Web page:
This month poses to the government two challenges it must meet to make a memorable second term. On February 6 the Treaty of Waitangi is commemorated. On February 19 Helen Clark will open a followup conference to the mid-2001 Knowledge Wave talkfest.
Indigenous rights and a richer society: for 15 years these have been gnawing questions. Unless Clark and Co can make real progress on both, the equitable society, which is the point of classical social democracy, will elude them.
Take the easy one first: making the economy grow faster and lifting living standards.
This is not just a matter of volume, as Tertiary Education Commission chair Andrew West makes clear. Tourism is growing fast but produces mostly low-paying jobs. More bums in tour buses do not make a rich society.
West has a big role: to reorient tertiary education so universities produce an elite and polytechnics generate a pool of technical and skills talent. Universities’ quality is endangered by the mass education they have been pushed into — more is not better. Polytechnics are too much wannabe universities.
If West is to reform tertiary education to drive a “knowledge economy”, he will need strong backing from the cabinet. That is still moot.
Ministers’ 1970s social democratic centralising instincts don’t help him. They have recentralised school administration just as diversity is increasingly thought the key to optimum development of individual talent (though Trevor Mallard is putting extra money into early childhood and gifted children’s education).
One plus is that research and development policy is now sharper and more focused. In the strategy developed late in 2002 greater effort is to go into joint public-private research and creating new business ventures out of research ideas.
This is a main route to the higher-paying jobs which are the foundation block of a richer society. Getting richer does not come from more of the same nor even doing the same more smartly but from doing completely new things, some built on traditional strengths. An example is pharmaceuticals from milk, the focus of one of the six public-private research consortia developed last year.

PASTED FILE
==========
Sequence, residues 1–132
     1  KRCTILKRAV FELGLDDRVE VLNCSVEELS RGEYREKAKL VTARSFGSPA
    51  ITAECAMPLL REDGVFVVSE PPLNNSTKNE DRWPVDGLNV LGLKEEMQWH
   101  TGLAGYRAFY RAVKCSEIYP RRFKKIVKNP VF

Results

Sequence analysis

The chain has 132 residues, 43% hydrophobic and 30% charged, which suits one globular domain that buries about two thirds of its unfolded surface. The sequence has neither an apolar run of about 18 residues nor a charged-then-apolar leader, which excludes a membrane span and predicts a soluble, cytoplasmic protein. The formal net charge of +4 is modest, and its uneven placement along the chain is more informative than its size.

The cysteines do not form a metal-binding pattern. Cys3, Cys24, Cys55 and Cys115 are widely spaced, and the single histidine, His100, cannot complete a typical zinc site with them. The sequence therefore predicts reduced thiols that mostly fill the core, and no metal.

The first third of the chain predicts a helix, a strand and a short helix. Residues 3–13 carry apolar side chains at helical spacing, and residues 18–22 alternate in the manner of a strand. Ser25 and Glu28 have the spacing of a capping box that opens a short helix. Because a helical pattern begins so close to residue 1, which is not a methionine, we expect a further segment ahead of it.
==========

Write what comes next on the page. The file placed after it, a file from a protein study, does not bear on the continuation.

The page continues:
Another plus is that more effort is going into international connectedness: hooking up with high-flying New Zealanders overseas and foreign companies and institutions.
But the government will do some discouraging things for business this term. Notable will be more restrictive workplace law and veiled tax-like imposts.
And the cabinet has yet to wrap its notion of a smarter, richer economy in an easy-to-grasp formula which entrepreneurs will buy into. “Growth and information framework” is as exciting as a wet dishtowel.
The challenge for Clark on 19 February, opening what is billed a “leadership” conference, will be to embody national leadership in the way Norman Kirk could 30 years ago. Her contribution to the Knowledge Wave conference 18 months ago was ambivalent.
So has been her approach to the Treaty.
She started with a handicap. Classical social democracy is race-blind and sees only socioeconomic difference. In office Clark has discovered ethnic difference is real and palpable: Tariana Turia’s every speech drives that home.
The Treaty is not just a matter of grievances and resource claims. Those are a big part of it and will be so for another 20 wearying years but they are a passing phase.
The Treaty is a matter of power.
The partnership principle is one dimension. A growing number of Maori demand a parallel and equal say in decisions — or, as a minimum, full consultation. Power-sharing is the true meaning of biculturalism.
Indigenous rights by virtue of having got here first is another dimension. In history later arrivals used to confront indigenous rights claims with suppression. Here the suppression wasn’t complete.
The Treaty is also employed to claim equal status of two cultures. The post-christian mainstream relies on science to explain the world. Maori culture is animist, according value and connection to all things. It is a culture where taniwha live. In “western society” science long ago consigned such creatures to private fantasy.
Maori culture is whanau-based. “Western” culture is individual.
So far the cabinet has retreated, neither conceding nor challenging each Treaty assertion. So resentment has grown — and not just among non-Maori, as Winston Peters’ residual appeal to Maori who are missing out both ways demonstrates.
Pegs in the ground. Boundaries. That is Clark’s challenge and some senior ministers are starting to voice it quietly. Unless she makes a start this term, the Treaty will be her undoing and the richer society a chimera.